Post COVID world

DEMAND AND SUPPLY - Boo Chanco (The Philippine Star) - April 29, 2020 - 12:00am

We can’t be sure when we will get there. It could take a few weeks, a few months, a couple of years. One thing is sure… the post coronavirus disease 2019 or COVID-19 world is going to be very different from what it was before we hunkered down.

There are many lessons we have learned as a country and as individuals. For one, we should have been like Taiwan, which learned from the SARS epidemic the need to always be prepared for the next one.

As individuals, we have to get used to wearing masks and practicing social distancing. We will no longer shake hands but wave or bow instead as a sign of friendship.

During the first few months, we would still be prohibited from attending church services, concerts, sports and other events with crowds of people in attendance. There will be longer waits for public transport as social distancing requires buses and jeepneys to take only half of usual number of passengers.

Restaurants must reinvent their business because they will be required to observe social distancing. Mostly, table for one. Restaurants offering buffets will have to close down. Many restaurants will choose to just do take-outs. Faster turnover of customers and less chance of violating social distancing rules.

During the lockdown, working from home proved more difficult for those with young families and cramped living quarters. But there were those who proved they can be as, if not more, productive working from home.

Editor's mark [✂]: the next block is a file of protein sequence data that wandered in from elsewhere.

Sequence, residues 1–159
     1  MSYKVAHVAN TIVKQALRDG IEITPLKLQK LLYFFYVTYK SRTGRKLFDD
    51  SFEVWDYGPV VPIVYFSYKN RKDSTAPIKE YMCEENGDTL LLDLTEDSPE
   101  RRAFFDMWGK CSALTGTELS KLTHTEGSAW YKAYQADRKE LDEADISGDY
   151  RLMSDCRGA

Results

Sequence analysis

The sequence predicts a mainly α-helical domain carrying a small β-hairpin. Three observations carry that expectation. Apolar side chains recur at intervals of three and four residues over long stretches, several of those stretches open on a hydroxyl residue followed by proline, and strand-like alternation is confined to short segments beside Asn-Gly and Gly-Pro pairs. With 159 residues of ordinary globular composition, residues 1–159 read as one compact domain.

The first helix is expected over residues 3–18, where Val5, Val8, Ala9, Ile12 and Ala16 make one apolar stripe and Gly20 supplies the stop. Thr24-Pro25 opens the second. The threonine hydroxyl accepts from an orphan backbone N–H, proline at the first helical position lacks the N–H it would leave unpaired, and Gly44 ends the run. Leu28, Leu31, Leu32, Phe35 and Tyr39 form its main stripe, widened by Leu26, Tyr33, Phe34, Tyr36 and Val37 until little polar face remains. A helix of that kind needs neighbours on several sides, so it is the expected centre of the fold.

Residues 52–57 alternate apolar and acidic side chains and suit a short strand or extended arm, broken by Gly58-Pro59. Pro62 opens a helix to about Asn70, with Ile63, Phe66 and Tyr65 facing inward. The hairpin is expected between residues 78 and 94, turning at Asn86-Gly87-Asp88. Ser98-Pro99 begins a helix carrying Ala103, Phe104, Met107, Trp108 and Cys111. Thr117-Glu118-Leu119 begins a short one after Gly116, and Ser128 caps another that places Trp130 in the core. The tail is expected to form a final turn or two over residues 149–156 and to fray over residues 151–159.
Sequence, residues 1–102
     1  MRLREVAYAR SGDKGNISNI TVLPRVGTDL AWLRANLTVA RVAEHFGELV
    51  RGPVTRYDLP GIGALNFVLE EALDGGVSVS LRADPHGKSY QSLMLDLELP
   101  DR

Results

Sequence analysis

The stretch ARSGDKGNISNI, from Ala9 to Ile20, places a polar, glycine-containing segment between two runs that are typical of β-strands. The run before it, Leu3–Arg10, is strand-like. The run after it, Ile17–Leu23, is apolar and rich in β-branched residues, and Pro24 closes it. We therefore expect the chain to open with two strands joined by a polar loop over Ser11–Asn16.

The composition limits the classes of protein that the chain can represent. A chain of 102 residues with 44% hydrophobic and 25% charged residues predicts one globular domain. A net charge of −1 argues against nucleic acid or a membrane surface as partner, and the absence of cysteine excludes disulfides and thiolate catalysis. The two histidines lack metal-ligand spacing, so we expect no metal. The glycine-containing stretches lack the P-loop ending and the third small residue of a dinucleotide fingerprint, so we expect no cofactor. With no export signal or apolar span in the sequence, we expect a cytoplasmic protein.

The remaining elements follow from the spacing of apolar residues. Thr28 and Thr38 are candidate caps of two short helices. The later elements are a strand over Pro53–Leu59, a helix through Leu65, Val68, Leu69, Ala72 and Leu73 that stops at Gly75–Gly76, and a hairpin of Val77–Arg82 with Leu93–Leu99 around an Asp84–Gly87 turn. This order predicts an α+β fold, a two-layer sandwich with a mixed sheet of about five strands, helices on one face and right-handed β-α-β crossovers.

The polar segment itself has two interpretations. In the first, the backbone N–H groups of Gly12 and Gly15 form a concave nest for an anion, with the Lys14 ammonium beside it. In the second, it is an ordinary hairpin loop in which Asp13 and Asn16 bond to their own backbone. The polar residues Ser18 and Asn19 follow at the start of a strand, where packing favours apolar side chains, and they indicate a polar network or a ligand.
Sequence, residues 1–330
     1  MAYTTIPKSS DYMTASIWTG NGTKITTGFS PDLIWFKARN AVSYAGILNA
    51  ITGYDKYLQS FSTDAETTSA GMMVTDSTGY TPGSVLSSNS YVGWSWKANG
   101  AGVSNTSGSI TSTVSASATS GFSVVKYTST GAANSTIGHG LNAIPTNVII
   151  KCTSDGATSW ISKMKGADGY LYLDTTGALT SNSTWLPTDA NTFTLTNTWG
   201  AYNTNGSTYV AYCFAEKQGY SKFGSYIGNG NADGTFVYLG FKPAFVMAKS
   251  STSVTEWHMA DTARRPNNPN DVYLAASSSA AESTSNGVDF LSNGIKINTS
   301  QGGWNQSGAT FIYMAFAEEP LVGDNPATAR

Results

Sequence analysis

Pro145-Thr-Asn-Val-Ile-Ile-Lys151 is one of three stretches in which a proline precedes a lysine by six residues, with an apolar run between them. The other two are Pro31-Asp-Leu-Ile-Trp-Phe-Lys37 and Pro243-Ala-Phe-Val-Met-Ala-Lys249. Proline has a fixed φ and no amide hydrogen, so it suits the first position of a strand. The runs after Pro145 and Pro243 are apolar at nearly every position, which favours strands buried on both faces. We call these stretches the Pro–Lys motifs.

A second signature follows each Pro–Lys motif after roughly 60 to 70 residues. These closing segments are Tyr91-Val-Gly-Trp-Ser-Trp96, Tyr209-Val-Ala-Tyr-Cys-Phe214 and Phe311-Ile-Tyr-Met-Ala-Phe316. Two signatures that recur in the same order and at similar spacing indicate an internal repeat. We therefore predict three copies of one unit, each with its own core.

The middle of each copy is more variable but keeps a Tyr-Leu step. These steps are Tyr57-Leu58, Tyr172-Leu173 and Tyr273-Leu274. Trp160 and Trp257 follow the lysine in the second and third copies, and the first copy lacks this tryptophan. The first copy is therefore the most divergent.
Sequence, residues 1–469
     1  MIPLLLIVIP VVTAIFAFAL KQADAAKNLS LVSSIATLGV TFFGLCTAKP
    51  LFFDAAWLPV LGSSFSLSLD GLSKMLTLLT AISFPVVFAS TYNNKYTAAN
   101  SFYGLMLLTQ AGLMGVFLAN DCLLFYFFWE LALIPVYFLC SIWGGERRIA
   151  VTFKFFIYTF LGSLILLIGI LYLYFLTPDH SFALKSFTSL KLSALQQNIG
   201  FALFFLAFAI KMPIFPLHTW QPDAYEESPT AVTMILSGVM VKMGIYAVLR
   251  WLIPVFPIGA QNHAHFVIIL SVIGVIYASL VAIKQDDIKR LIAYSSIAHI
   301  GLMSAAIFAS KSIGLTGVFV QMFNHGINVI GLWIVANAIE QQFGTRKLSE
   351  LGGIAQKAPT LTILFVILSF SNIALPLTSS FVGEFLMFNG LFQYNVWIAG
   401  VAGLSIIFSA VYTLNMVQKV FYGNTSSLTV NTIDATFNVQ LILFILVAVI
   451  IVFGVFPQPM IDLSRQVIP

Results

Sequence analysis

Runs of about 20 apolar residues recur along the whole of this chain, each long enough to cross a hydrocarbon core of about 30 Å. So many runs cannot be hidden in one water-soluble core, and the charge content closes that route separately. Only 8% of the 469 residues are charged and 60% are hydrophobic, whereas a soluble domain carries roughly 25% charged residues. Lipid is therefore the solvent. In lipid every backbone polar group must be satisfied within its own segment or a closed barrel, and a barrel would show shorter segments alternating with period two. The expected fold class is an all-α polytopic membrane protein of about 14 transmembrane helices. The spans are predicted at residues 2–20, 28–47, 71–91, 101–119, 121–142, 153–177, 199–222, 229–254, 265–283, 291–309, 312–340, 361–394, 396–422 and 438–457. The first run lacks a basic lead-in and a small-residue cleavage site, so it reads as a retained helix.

Companies could continue to be more flexible on where employees work from. WFH means less office space to rent. But WFH may also require companies to subsidize better internet plans with faster speeds than most homes have.

With the lockdown experience, companies will be encouraged to set up work stations in locations where significant clusters of their employees live. Shaving off travel time from long commutes may have improved productivity.

Colliers, a property consultant, reported that one of its client companies in Makati “expressed their interest in diversifying their location base and is now considering places like Quezon City for business continuity preparedness.”

With a lot of people getting used to digital services like Zoom, there is less reason to go to a head office for a meeting. And for those with employees working in other cities, less travel expenses too. But the telcos must drastically upgrade their ability to cope with demand for more reliable bandwidth services.

And speaking of travel, this industry will practically not exist in the next year or so. There will be little or no overseas leisure travel and limited business travel. No large conferences in the foreseeable future.

The airline industry will face a drastic restructuring worldwide. Many airlines will simply die. Those who survive must raise fares significantly as social distancing will mean keeping seats vacant in between passengers.

The International Air Transport Association estimates that the global industry will lose $252 billion in 2020.